But a lot of things are still the same, especially once you scratch past the surface. The black krewes might have opened things up a little, but the white krewes haven’t. (Rumors were flying this year about a white out-of-towner who’d received a coveted invitation to one of the more popular krewe’s balls — only to be turned away when he brought his black wife.) The krewes still make it clear who their preferred audience is. They often throw stuffed animals to kids along the parade route, but this year there were complaints of black kids getting used, dirty stuffed animals. (This did happen; my friend brought her two-year-old with her, and one of the teddy bears she received on his behalf was gray with dirt and smelled like urine.) At the M.O.T. parade, I stood amid a mostly black crowd near a small knot of white paradegoers. I had to move — it was too dangerous to be near the white people, who got showered with so much stuff that I thought I might get a concussion. And it’s really only the younger generation, black and white, that attends parades regardless of krewe, note. Many older folks on both sides, remembering the unwritten rules of the past, still don’t cross the lines. My mom only goes to the black parades. She just had too many ugly experiences at the white ones, during her formative years, to take a chance on them now.
However, as with Mardi Gras, practicality may soon force further changes on Mobile. What was a majority-white town in my youth now stands poised to become majority-black. There was always a small Jewish population in town, and when I was growing up there were infinitesimal populations of Latinas/os, Asians, Native Americans, and others. But these days the population of Asians is growing — mostly recent immigrants from southeast Asian countries. (My mother proudly informed me there’s now a sushi restaurant in town. Really!) Also, Hurricane Katrina pushed a lot of New Orleanians into Mobile who are pretty much becoming permanent, and while these are mostly black and white too, they bring a more cosmopolitan outlook, and a greater economic diversity than is common in the town. (Like many Southern towns, Mobile is a very binary place — mostly black and white, dirt-poor and affluent, Evangelical and areligious, without a lot of “in between”. The New Orleanians bring the in between.) And new European-owned corporations that are setting up factories and headquarters in town promise to bring in entirely new populations never before seen in the city limits: young, diverse, affluent techies; and affluent foreigners.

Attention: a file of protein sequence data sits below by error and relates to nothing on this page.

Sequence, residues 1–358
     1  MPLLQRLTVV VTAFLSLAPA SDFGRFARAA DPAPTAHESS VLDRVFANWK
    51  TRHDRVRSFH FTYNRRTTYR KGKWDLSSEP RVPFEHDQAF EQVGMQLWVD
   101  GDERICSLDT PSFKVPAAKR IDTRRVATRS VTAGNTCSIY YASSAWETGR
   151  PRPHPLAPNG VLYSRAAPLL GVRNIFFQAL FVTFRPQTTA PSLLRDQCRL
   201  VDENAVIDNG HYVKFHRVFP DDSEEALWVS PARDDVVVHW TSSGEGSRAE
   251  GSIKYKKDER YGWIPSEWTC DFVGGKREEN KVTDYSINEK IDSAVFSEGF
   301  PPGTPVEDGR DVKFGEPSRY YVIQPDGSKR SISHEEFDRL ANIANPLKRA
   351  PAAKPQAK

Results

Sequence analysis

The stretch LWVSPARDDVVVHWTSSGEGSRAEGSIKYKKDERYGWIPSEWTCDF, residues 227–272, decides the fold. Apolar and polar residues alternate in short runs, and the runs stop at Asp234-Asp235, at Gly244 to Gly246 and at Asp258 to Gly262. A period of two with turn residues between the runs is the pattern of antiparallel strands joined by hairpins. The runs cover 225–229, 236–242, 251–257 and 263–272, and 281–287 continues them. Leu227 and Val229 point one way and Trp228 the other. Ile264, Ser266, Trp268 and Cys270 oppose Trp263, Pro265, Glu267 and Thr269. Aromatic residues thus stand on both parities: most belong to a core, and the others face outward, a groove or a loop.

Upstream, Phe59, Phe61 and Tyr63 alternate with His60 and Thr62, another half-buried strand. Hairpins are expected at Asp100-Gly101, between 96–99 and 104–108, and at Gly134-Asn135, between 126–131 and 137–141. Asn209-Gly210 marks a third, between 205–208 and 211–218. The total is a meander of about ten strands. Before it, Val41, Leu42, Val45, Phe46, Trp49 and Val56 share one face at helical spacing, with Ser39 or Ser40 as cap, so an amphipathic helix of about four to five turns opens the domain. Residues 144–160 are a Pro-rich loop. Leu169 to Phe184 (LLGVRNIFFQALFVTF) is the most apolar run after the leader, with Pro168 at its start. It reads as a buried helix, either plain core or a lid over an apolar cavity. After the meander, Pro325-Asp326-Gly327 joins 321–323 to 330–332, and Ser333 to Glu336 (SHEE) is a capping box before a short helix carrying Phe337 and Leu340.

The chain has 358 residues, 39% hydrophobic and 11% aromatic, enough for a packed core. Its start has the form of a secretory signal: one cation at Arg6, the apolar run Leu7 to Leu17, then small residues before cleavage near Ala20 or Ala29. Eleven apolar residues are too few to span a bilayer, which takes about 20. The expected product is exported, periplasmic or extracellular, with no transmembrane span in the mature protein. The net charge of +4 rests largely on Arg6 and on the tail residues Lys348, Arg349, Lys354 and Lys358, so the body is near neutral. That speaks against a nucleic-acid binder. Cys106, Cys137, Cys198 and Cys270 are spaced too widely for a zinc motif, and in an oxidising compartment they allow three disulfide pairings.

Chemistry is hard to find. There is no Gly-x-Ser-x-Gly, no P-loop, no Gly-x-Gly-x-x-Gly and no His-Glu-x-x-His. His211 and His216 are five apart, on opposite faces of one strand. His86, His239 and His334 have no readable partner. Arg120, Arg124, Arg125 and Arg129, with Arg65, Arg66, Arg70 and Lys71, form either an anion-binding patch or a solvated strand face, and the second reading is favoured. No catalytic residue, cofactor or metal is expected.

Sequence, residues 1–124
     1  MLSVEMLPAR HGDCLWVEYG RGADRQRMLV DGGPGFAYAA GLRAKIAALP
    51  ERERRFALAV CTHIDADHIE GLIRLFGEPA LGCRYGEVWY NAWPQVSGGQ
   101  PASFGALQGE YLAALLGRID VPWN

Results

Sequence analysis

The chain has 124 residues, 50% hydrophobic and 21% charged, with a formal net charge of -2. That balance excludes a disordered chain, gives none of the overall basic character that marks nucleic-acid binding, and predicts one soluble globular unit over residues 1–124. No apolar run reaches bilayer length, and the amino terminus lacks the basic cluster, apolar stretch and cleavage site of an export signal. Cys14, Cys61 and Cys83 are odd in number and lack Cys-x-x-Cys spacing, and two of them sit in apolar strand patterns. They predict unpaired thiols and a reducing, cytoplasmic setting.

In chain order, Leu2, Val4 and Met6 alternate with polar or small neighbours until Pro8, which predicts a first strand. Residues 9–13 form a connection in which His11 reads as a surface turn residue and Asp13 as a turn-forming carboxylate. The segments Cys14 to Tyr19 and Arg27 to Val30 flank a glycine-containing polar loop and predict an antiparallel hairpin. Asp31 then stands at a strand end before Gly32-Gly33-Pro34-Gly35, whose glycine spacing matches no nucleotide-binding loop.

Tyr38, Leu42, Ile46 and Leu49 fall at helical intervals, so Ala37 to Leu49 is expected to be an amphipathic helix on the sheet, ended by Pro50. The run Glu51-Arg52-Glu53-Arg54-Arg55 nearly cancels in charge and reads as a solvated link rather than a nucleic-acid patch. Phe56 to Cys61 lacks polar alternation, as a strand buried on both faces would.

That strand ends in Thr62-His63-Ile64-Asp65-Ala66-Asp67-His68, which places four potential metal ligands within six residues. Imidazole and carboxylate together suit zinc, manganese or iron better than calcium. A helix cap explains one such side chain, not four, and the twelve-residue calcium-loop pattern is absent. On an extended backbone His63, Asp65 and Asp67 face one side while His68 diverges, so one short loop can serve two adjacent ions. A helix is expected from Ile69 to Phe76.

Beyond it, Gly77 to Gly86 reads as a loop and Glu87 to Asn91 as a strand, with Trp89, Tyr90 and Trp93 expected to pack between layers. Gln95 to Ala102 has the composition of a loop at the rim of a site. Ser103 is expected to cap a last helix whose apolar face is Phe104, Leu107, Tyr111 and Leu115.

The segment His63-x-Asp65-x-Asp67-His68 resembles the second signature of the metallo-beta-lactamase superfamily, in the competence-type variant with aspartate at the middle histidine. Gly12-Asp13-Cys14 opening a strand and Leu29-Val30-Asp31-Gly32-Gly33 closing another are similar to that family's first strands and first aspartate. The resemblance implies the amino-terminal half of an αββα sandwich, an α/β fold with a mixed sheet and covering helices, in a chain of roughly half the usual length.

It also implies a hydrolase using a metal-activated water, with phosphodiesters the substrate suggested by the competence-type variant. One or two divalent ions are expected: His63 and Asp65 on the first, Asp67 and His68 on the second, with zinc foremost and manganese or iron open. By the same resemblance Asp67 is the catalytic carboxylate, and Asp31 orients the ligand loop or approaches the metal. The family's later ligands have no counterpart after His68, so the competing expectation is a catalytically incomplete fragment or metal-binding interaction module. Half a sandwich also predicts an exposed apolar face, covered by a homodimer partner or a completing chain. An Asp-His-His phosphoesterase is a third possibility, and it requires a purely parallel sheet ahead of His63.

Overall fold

I imagine this will trigger all manner of changes in Mobile in the future, and of course these changes will be reflected in Mardi Gras. This year there were complaints about the yellowface masks and the dirty stuffed animals in the letters column of the paper, which I found heartening. Could we one day see integrated krewes, and parade themes which aren’t full of cultural appropriation and gross stereotypes? Maybe, though probably no time soon. Mobile’s got a long way to go in that respect.
(I bring all this up not to suggest that the South is more racist than the North, note. I hear that crap all the time, and it’s bull. I’ve lived in Mobile, New Orleans, Washington DC, Boston, and New York, and I’ve seen overt racism in all those places; the South’s just more open and honest about it.)
But as I listen to today’s media doing its damnedest to imply that racism is a thing of the past, or a lesser thing than sexism, or an esoteric thing existing only between the varied shades of brown, I can’t help but privately marvel. I know they don’t pay much attention to the Mobiles of the nation, but there are a hell of a lot more Mobiles than there are New Yorks. It’s dangerous to ignore them. (As this book explained so well, to digress for a moment.) More dangerous still to reduce these microcosms of America to simple black-and-white equations. No matter how simplistic this stuff might seem on the surface, change is always taking place underneath. The nuances are always there, and it’s stupid to pretend otherwise.
Anyway, I’m off to enjoy the pralines I brought back as souvenirs, and to do some letter-writing to add my voice to the complaints about Mardi Gras racism. Every little bit helps.
(Side-note — if you’re wondering what pralines are, these are still the best I’ve ever had. They’ll make you eat your tongue, as folks say down there.)